Two-factor authentication for Google accounts goes live

As previously reported by Infosecurity, Google had planned to roll out a 2FA procedure for users of its online applications, which includes its popular Gmail web-based email service. The method, which generates a one-time, temporary second password, went live on Thursday and has been available to the Google enterprise customers for several months.

“We've developed an advanced opt-in security feature called 2-step verification that makes your Google account significantly more secure by helping to verify that you're the real owner of your account”, wrote Nishit Shah, product manager with Google Security, in a blog post. “Now it's time to offer the same advanced protection to all of our users.”

Shah said that setup for the opt-in feature can take up to 15 minutes and can be found under the settings page for each Google account. A set-up wizard will guide Google app users through the process, which includes linking the account to a phone number to receive the one-time temporary code. After going through the set-up process, an additional ‘verification code’ page will appear following the normal login procedure.

Google account users can opt to receive the code via voice or text, or they can choose to generate a one-time code using mobile apps for Android, BlackBerry, or iPhone.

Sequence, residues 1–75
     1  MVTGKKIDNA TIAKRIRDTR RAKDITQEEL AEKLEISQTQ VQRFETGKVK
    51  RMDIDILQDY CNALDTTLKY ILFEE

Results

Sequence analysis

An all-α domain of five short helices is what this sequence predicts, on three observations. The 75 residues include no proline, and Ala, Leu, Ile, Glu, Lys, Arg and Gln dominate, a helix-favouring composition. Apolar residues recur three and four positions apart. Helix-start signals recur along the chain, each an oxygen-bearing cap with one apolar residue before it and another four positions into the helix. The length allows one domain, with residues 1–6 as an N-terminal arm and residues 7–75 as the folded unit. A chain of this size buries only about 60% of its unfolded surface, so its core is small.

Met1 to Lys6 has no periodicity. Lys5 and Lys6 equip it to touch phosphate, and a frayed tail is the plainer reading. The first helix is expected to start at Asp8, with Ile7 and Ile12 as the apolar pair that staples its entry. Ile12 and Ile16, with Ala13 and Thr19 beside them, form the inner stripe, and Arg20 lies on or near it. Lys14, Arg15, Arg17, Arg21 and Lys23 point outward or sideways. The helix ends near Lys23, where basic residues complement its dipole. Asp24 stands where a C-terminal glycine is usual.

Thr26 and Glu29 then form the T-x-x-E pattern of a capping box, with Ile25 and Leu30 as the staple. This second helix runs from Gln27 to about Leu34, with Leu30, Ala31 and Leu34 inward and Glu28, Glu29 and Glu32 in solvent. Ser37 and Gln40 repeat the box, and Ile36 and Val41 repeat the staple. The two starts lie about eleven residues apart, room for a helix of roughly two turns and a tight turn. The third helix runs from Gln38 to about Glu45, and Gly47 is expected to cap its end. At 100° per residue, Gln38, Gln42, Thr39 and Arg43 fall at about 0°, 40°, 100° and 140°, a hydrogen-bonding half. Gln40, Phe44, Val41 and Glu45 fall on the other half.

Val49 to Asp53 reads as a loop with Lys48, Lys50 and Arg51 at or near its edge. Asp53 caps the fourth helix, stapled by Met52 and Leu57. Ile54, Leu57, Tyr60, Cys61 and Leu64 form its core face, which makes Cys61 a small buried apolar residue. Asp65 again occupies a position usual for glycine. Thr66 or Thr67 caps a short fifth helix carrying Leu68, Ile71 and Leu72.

Marcus Ranum, CSO at Maryland-based security firm Tenable Network Security, applauded the move by Google."Two factor authentication remains one of the coolest and smartest ideas in computer security”, he said. “The concept goes back to the 1980s, and few security ideas can claim to have such longevity.”

This simple method for 2FA, added Ranum, is bolstered by the fact that users have grown attached to their smartphones as being near-necessities of modern life. “In the past we've seen that people are willing to give away an authentication credential in return for very little, but most people will be much more precious about hanging onto their phone”, he continued.

"Even more importantly, a mobile phone is a high-value item, so a spammer would have to buy a new phone each time one of their accounts got shut down and the associated mobile phone got blacklisted. What that does is bring a high external cost into the equation. This is a very good move."

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